Legion of Mary
The object of the Legion of Mary is the glory of God through the holiness of its members developed by prayer and active co-operation in Mary’s and the Church’s work. The unit of the Legion of Mary is called a presidium, which holds a weekly meeting, where prayer is intermingled with reports and discussion. Persons who wish to join the Legion must apply for membership in a Presidium. The Legion sees as its priority the spiritual and social welfare of each individual. The members participate in the life of the parish through visitation of families, the sick, both in their homes and in hospitals and through collaboration in every apostolic and missionary undertaking sponsored by the parish. Every legionary is required to carry out a weekly apostolic work in the spirit of faith and in union with Mary.
The Legion of Mary is a lay apostolic association of Catholics who, with the sanction of the Church and under the powerful leadership of Mary Immaculate, Mediatrix of All Graces, serve the Church and their neighbor on a voluntary basis in about 170 countries. The first meeting of the Legion of Mary took place in Myra House, Francis Street, Dublin, Ireland, on 7 September, 1921. This meeting was to have very beneficial consequences for the mission of the Catholic Church and, in a special way, for millions of members of Christ’s lay faithful who would serve in the Legion and for those who would be served by the legionary apostolate. Many persons outside the Catholic Church would also benefit from that apostolate. With the approval and support of the Popes and a great many Bishops, Priests and Religious, as well as the prayers and efforts of legionaries, the Legion, by the grace of God, has grown into a worldwide organization with several million members.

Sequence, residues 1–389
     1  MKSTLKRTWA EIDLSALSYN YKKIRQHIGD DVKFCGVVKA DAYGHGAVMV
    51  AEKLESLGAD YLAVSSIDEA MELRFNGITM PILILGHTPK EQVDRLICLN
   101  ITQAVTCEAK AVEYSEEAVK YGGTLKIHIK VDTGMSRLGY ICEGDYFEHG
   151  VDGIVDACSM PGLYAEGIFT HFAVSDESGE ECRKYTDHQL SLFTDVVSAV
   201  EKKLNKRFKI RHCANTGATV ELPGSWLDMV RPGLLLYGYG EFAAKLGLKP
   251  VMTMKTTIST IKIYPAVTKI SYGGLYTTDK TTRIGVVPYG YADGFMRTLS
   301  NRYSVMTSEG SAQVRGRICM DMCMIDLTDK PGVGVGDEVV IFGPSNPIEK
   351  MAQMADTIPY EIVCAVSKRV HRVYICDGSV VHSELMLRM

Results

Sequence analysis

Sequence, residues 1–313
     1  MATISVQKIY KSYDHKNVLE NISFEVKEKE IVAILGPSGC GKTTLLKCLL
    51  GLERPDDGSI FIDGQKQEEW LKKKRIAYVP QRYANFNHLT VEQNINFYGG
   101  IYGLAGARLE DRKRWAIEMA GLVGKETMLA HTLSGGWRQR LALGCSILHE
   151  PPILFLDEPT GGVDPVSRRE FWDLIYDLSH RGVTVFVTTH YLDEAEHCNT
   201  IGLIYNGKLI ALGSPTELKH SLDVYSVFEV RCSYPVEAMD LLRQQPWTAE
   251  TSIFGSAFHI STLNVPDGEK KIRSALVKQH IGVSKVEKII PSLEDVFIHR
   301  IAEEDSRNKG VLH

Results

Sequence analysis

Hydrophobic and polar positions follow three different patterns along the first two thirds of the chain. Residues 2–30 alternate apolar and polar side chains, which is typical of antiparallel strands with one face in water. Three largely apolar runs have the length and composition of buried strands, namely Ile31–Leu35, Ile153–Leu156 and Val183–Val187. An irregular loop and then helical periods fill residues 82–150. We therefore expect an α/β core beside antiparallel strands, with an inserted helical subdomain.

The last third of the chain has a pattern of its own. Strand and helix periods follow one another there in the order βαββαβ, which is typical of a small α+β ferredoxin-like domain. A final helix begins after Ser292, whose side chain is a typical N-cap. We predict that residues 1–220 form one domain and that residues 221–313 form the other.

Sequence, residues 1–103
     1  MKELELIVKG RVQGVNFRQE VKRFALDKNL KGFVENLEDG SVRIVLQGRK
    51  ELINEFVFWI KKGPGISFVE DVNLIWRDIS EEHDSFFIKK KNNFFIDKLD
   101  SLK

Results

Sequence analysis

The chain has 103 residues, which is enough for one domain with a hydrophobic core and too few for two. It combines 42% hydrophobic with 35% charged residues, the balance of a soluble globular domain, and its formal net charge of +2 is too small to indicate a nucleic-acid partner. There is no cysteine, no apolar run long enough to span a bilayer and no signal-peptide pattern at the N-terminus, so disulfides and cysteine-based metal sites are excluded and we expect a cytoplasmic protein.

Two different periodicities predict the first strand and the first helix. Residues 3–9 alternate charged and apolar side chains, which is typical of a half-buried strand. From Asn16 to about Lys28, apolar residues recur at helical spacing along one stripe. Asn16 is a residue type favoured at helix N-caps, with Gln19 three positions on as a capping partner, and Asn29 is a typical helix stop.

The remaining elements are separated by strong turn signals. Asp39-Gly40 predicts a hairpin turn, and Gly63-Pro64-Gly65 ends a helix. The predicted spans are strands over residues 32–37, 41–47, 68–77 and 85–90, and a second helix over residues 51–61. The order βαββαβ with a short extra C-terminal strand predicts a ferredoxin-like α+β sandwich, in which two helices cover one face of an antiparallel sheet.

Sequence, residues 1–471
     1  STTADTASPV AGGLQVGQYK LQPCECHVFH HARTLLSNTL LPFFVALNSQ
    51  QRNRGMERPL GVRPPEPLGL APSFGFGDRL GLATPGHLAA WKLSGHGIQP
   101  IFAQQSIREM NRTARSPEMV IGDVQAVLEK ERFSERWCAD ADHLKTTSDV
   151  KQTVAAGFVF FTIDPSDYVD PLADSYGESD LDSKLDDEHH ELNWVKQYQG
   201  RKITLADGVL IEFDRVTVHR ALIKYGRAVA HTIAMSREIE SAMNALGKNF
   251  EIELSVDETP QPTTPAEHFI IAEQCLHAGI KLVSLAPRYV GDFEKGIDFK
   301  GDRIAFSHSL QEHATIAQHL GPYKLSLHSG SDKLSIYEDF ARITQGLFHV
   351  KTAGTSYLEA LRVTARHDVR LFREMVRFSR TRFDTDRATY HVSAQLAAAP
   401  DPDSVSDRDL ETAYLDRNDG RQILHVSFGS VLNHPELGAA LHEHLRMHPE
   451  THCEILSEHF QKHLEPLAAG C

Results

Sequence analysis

The general and essential means by which the Legion of Mary is to effect its object is personal service acting under the influence of the Holy Spirit, having Divine Grace as its moving principle and support, and the glory of God and the salvation of souls as its final end and purpose. Evangelization, especially the seeking of conversions to the Church, is a priority for the Legion. Through the visitation of homes and by other means, the Legion must, as a first principle, set out to establish a contact of some sort with every soul everywhere. Seeing and serving Christ in the sick and marginalized is another vital part of the legionary apostolate. While not engaging in the giving of material relief, legionaries will often find opportunities to do works of service for the needy.
Meetings: Thursday evenings in the Day Chapel at 6:30
Jeff Buckholz -President
Randy Kunza -Vice President
Joe Egerer -Treasurer
Linda Labozzetta -Secretary
Deacon Walt Labozzetta -Spiritual Advisor